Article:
4 February 2003
Nine months into financial year 2002/03 and government’s provincial spending is said to be on track, with provinces having already spent R104.5-billion, or 71.1%, of their total budgets, according to the Third Quarterly Expenditure and Revenue Report.
This is R16.8-billion more than its expenditure at the same time last year, said the document released by the National Treasury in Pretoria on Friday.
“Provincial expenditure is now comparable with national departments’ expenditure of R87.5-billion or 73.8% spent (or transferred) for the same nine-month period,” the report stated.
Provinces have collected 93% of budgeted own revenue of R4.4-billion for the year, collecting R4.1-billion after nine months.
“The high 93% collection may be an indication of provinces being modest in their revenue projections in their initial budgets, as the R4.3-billion budgeted amount is still less than the R4.5-billion actually collected in the previous year,” the report noted.
The collection varies from a low of 77.3% in Gauteng to a high of 148.8% collected in the Eastern Cape.
The report explained that national government had transferred R88.8-billion of the equitable share, and R9.7-billion in conditional grants, to provinces in the first nine months.
According to the report, education expenditure is at R39-billion or 74.2% of the budget of the adjusted R52.5-billion. Health expenditure is at R23.8-billion or 72% of the adjusted budget of R33-billion.
On social development, provinces spent R23.8-billion or 74.3% of their revised budget in the first nine months of the financial year.
“This represents a massive increase over the R17.1-billion spent for the same period last year. The reason for this is the acceleration in the take-up of the Child Support and Disability Grants, as well as payment of the R2-billion social grant arrears (transferred on the last day of the previous financial year),” the report said.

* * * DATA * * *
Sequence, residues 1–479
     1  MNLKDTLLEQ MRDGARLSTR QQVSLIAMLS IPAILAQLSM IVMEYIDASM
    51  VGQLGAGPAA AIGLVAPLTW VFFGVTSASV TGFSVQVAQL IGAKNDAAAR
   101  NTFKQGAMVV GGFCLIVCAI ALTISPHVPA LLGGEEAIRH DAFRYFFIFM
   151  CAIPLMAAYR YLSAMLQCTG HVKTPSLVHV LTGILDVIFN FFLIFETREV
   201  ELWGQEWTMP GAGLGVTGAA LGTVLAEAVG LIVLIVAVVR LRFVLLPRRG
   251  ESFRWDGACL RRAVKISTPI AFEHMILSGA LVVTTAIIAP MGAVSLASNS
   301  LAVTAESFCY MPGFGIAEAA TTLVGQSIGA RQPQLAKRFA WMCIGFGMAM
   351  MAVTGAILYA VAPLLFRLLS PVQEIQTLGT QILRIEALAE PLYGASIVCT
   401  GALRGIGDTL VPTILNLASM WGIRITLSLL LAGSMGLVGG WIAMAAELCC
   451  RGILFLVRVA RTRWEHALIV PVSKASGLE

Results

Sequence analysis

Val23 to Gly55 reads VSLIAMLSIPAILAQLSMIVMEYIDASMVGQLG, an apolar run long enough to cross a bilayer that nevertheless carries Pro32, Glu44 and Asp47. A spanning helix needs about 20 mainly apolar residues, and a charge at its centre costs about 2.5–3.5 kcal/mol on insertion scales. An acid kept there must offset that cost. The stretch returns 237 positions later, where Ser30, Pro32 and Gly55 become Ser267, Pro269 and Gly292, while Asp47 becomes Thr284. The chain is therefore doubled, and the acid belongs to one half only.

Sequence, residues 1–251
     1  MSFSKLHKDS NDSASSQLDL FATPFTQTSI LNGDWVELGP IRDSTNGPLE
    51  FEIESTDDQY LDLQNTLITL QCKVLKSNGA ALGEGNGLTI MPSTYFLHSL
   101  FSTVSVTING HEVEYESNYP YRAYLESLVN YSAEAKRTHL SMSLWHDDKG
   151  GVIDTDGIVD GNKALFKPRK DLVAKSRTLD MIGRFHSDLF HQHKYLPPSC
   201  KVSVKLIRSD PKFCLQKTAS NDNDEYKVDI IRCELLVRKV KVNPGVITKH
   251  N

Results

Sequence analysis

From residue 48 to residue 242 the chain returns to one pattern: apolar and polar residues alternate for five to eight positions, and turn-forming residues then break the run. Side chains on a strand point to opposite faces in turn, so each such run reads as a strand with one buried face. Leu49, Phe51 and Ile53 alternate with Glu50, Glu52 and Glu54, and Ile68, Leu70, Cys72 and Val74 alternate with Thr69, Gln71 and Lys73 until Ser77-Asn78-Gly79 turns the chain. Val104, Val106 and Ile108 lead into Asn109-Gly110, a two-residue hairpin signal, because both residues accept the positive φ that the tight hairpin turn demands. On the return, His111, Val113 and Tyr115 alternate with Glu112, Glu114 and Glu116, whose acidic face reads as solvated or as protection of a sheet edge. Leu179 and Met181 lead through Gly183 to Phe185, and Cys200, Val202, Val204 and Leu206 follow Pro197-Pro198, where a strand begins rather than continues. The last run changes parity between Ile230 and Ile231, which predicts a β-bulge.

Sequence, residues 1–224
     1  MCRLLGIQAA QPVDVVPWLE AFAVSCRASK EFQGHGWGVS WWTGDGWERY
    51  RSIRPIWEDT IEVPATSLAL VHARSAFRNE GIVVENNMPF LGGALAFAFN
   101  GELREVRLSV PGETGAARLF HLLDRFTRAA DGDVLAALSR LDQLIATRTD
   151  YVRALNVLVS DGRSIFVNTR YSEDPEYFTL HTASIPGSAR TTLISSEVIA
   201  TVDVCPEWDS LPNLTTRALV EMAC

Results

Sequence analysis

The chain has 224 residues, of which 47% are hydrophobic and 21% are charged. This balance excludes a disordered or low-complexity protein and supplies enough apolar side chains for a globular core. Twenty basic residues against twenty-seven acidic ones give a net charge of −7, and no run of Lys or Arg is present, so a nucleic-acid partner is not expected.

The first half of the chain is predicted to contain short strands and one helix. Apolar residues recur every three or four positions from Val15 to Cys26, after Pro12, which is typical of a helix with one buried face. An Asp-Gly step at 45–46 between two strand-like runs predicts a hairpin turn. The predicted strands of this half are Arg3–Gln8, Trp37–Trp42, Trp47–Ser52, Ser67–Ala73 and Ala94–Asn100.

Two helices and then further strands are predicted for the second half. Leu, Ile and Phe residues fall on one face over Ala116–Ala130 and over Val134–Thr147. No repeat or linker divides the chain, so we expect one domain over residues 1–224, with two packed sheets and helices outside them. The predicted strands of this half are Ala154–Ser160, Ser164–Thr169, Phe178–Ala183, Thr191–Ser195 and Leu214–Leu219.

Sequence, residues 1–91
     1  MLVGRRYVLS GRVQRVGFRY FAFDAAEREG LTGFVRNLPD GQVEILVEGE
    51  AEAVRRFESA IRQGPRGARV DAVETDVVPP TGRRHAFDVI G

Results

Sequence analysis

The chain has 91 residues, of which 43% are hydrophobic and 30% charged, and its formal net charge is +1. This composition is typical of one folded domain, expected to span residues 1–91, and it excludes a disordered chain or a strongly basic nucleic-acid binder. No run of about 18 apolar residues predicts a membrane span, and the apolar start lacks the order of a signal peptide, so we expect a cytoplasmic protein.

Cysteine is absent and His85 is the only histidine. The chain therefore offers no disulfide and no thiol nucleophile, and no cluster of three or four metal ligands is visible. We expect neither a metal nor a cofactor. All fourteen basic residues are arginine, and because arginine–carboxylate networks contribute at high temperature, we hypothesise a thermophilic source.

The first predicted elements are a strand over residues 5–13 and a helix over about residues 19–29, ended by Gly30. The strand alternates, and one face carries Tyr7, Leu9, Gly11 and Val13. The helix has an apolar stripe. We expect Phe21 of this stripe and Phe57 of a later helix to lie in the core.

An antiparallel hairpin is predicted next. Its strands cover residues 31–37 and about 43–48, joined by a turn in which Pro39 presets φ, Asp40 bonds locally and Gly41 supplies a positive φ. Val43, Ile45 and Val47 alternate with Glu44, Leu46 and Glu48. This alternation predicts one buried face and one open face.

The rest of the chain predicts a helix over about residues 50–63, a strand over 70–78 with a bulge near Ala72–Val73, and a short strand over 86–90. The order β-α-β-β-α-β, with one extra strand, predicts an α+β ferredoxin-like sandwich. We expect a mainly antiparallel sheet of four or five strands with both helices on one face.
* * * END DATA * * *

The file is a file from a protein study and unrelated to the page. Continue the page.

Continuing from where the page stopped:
However, the biggest provincial capital budgets are for public works, roads and transport.
“These departments are performing the best, having spent R2.9-billion or 68% of their R4.2-billion budget. The spending compares well with the R2-billion spent last year for the same period, and to the full-year spending of R3.2-billion last year.”
Between provinces, the lowest spending is in North West (42.3%), while Gauteng recorded 116.5% in spending.
Head of inter-governmental relations in the National Treasury, Ismail Momoniat, said the fact that the problem of under-spending had been addressed was a good sign.
However, he said there was a need for national departments and portfolio committees to check on the ground as to whether the money had indeed been spent correctly.
“It is good that sectors like education, health and social development are spending their monies. We assume that clinics are being upgraded, social services are improved and children, elderly and the disabled are getting their grants,” Momoniat said.